How to Improve Balance? - The Horse Forum
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post #1 of 15 Old 09-10-2019, 11:46 PM Thread Starter
Weanling
 
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How to Improve Balance?

Hey guys. So I'm having some issues with riding and I'd like to hear how guys have dealt with similar experiences.

Basically, my current issue is that for some reason, I cannot balance at the trot. What this ends up looking like is my legs occassionally pushing more forward or backward instead of under me, I lean to far forward or back at times, and in general am out of rythem with my horse. Even doing a sitting trot, I bounce. This in turn, makes the horse confused and uncomfortable so he then goes faster or wants to go back down to walking.

This feels very odd to me as in the past, I've never had issues with trotting. In fact, it was the main pace I'd ever ride and preferred it. I have never been as out of balance as I am now and am looking to find out what I can do to help this or what could potentially be causing it.

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Now, one thing I did was record my last ride to analyze everything better. When I slowed things down and zoomed in a bit (camera was set up at a bit of distance), I realized it looks like the saddle I'm using throws me into a bit of an armchair type position. It's not overly obvious hence why I didn't notice it sooner, but now I can see how my feet are held further forward than what they should be which could be part of the reason for being off balance. I do have another saddle which I haven't really used yet as it's new, but I plan to try to that next and hope it works better.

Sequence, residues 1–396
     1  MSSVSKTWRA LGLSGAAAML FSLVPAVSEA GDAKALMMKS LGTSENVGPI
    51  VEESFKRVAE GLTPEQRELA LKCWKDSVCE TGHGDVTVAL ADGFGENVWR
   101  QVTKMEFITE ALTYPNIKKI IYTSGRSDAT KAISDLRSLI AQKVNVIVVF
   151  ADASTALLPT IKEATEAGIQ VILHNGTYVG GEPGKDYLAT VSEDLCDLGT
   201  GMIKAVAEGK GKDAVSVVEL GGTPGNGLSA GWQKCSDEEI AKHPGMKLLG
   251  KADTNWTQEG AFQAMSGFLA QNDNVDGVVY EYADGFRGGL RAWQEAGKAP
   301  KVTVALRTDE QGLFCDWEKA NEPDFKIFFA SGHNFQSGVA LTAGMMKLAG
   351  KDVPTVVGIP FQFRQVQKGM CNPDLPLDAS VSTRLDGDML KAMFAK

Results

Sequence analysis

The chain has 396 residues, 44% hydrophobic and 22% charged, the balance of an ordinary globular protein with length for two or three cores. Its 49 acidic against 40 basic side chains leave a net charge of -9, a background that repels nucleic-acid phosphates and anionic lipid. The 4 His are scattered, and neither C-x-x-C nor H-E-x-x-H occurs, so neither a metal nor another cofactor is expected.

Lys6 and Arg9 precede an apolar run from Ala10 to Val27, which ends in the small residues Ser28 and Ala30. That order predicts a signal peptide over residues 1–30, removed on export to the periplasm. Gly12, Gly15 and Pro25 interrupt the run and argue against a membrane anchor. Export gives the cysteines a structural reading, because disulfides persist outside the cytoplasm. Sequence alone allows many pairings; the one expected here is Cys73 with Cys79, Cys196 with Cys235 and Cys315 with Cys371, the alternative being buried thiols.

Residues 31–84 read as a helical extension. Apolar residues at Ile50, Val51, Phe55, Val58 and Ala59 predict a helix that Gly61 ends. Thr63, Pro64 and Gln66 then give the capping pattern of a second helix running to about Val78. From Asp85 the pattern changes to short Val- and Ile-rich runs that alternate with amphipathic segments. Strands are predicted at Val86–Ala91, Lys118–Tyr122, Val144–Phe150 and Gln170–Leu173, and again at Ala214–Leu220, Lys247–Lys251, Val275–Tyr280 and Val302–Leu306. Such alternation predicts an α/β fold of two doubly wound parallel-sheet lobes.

I'm also wondering if the fact my guy is bigger than any other I've ridden before affects me too. I've ridden 14 hh horses for the most part over the last couple of years and this guy is 16.1 hh so his stride is bigger.



But anyways, what do you guys do to improve your balance? And any other suggestions as to why my balance would suddenly be so bad when less than a year ago I could ride a trot without issue?


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post #2 of 15 Old 09-11-2019, 12:11 AM
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Do you have the same problem if you ditch your stirrups?